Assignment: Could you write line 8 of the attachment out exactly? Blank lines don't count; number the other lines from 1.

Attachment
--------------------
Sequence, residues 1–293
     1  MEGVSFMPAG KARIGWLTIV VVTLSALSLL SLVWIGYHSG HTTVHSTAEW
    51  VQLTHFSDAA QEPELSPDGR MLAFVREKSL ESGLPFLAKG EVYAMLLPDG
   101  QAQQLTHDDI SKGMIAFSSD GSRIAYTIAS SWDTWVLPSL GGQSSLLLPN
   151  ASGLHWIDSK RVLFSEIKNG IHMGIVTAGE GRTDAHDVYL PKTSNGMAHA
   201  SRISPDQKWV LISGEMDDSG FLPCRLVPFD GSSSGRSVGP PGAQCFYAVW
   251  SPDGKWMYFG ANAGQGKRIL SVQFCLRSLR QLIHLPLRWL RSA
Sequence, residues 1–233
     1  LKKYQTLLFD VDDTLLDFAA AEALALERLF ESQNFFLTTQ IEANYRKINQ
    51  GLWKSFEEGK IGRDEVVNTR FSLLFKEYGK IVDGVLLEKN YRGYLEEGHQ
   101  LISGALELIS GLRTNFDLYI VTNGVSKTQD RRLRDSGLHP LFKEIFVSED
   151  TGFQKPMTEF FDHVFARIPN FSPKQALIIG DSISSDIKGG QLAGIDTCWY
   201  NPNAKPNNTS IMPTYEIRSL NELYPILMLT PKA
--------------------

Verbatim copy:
Sequence, residues 1–233